1. Computing

PlayCable for Intellivision – The First Video Game Portal

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Today the video game industry is going though a major transition, with the market moving from the brick and mortar retail model where you buy physical games, to online portals where you can purchase and download titles from expansive game libraries. While being able to download and share game data via computers dates all the way back to 1969 when Rick Bloomme invented a two-player version of Spacewar! for PLATO, the first public computer time-sharing system, it hasn’t always been so easy for video game consoles, but that's not for lack of trying.

While gamers are now constantly downloading classic and modern titles from Next-Gen console portals such as Xbox Live, PlayStation Network, and Wii Virtual Console, more than 21 years before any of these services existed, and eight years before the Internet was available to the public, the very first downloadable game portal launched: PlayCable for the Intellivision.

Basic Facts:

  • Name: PlayCable
  • Manufacturer: General Instrument
  • Platform: Intellivision
  • Type: Cable TV accessible Online Game Portal
  • Year: 1981

Soon after the Intellivision launched in 1979, the consoles manufacturer Mattel and electronics company General Instrument (GI) teamed up to create an all new way to distribute video games.

GI’s department in charge of cable TV components and devices, the Jerrold Division, came up with the technology to constantly broadcast the data for numerous video games within a cable channel signal, which could then be loaded and saved into ROM memory via a receiver connected to the Intellivision. The idea would clear the way to distribute games at a lower cost than having to manufacture, package, and distribute games for retail. Also using a subscription based model, it would maintain a continues revenue stream, even for the less popular games.

The technology was under development for two years and finally launched with a big television advertising campaign. Local cable companies who carried the service broadcast commercials featuring Mickey Mantle touting the benefits of the new concept in gaming. “For less than half the price of one game, you get twenty great games a month.”

The Hardware:

For a subscription fee added to their cable bill and rental charges for equipment, players who signed up for the service received a special PlayCable Intellivision/Cable TV Adaptor, and a stack of overlays for the Intellivision's unique controllers.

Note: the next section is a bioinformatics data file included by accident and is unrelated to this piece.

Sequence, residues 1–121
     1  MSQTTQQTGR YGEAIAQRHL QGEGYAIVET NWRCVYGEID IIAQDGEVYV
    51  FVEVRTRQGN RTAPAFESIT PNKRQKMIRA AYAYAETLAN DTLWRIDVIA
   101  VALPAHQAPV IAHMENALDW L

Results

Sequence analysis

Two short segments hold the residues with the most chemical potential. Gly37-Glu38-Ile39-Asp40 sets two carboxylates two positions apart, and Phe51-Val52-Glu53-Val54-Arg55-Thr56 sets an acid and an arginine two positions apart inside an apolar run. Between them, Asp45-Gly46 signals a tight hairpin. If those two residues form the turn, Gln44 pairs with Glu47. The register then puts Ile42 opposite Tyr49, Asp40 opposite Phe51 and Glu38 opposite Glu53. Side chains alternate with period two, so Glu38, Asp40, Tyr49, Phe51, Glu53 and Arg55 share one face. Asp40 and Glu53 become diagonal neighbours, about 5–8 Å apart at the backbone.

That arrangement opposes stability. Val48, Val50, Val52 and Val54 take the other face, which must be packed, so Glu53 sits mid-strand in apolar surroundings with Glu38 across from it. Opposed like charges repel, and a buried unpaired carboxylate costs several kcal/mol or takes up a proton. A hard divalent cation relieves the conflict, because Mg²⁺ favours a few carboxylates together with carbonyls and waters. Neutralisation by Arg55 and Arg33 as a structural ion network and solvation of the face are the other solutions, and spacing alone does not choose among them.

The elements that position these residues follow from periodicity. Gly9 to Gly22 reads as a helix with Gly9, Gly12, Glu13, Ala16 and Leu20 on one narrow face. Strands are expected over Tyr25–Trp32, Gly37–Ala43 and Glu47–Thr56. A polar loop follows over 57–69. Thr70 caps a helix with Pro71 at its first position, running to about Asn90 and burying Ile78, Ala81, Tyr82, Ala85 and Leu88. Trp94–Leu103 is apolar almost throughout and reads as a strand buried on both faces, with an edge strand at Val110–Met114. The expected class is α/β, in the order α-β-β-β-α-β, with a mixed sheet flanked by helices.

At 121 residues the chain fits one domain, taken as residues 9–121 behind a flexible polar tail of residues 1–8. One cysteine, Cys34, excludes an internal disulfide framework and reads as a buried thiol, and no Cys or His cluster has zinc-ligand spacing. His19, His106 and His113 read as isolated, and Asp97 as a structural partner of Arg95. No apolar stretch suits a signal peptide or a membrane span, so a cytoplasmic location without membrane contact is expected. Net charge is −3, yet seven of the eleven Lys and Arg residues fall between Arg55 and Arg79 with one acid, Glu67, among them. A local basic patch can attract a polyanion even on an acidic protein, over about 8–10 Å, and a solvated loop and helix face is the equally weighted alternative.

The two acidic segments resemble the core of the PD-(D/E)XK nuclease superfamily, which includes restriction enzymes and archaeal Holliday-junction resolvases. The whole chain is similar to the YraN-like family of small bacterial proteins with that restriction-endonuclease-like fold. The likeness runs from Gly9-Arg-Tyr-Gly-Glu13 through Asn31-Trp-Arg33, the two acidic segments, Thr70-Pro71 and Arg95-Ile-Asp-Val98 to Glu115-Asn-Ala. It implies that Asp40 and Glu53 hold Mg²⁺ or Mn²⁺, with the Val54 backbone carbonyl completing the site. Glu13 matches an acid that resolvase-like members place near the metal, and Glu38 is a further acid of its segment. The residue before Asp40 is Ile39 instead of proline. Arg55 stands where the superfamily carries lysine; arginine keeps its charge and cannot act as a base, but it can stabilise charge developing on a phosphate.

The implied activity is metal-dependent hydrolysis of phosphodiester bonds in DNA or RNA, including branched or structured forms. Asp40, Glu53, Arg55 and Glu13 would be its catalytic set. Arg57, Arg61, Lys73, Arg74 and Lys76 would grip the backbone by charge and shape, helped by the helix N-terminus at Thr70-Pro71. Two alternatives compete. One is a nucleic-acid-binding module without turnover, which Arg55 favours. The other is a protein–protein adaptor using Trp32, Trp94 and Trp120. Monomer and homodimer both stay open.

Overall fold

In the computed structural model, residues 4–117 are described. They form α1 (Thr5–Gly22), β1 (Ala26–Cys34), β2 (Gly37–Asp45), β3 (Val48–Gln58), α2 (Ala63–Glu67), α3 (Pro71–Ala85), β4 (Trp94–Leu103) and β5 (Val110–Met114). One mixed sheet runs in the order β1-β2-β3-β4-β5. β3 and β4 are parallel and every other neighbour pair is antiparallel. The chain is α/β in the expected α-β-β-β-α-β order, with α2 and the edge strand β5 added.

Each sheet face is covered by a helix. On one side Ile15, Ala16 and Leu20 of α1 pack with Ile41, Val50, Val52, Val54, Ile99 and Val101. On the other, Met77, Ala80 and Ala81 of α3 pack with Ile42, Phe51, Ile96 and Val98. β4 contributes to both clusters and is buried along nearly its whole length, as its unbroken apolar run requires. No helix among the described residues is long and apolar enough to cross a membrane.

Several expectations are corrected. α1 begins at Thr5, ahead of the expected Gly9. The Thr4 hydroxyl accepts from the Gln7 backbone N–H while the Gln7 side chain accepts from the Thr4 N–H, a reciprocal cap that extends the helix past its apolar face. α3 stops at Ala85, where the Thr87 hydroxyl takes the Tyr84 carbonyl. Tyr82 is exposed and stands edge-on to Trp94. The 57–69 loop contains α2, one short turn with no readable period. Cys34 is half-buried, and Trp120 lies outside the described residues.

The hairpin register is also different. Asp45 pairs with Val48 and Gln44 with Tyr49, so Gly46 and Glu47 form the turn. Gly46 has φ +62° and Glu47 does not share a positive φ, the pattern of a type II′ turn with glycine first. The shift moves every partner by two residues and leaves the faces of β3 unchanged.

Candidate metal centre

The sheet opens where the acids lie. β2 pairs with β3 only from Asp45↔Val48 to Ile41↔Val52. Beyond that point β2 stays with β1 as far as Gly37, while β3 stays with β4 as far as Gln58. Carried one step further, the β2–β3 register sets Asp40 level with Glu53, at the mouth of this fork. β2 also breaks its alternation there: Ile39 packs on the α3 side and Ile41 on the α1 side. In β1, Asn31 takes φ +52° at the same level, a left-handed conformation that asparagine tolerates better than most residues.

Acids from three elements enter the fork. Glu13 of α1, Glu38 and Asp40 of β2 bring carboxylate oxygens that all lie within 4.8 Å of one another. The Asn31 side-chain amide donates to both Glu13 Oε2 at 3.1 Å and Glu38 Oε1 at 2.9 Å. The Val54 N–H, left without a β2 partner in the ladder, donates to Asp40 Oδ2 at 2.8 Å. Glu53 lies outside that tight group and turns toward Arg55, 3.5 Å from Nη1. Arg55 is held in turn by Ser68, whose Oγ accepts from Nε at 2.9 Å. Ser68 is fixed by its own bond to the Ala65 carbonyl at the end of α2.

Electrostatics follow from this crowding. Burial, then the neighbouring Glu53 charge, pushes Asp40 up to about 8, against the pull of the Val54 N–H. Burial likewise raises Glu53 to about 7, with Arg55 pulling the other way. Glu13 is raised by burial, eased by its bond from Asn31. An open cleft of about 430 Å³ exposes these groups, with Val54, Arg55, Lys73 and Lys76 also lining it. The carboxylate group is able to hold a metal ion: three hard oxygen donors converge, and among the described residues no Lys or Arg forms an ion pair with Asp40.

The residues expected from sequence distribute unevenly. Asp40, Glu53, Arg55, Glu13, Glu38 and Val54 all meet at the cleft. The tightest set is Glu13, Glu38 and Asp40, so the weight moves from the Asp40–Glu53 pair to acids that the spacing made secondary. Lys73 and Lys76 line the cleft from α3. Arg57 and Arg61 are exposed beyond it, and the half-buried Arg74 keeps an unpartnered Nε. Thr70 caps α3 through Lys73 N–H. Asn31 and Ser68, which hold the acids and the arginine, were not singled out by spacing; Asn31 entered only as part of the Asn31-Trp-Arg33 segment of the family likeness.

The PlayCable adaptor was about half the size of the Intellivision and had two ports, one that slid into the Intellivision cartridge slot on the side of the console, the other connecting the PlayCable adaptor directly to the cable TV line.

The cable signal constantly broadcast the game information along with a basic menu. When players plugged the adaptor in, they could pick out a game from the 20 titles available that month, and once they picked out the one they wanted the information would be saved onto the adaptor's local memory directly from the cable broadcast signal.

The Subscription Model:

The focus on the marketing push was the savings the consumer would receive by singing up for the service. As most Intellivision games sold for $25 new, PlayCable cost $12 a month, offering up a different selection of 20 games to chose from every month.

The Problem:

The service caught on quickly with those Intellivision customers whose cable system offered it up, however its success was short lived primarily due to technical issues. While PlayCable did indeed work it was not designed to keep up with the constantly growing video game market. Not only in trends, but the increasing memory needs to play bigger games.

The PlayCable adaptor held 4k of memory, which was the average size of Intellivision games in 1981, however over the next two years the games became more elaborate and expansive, and by 1983 memory requirements for most new games increased as high as 8k.

PlayCable Loses Its Signal:

Since the PlayCable adaptor couldn’t be expanded and the hardware was never upgraded or replaced, the service could no longer carry any of the newer games, causing subscribers to begin dropping off the service.

Then in the service's third year it took an enormous hit with the crash of the video game industry in 1983. Video games plummeted in popularity, causing many game companies to fold and systems to be discontinued, including the Intellivision, which Mattel ceased manufacturing that same year. Cable companies inevitably dropped the service and used the bandwidth to add more channels to their lineup.

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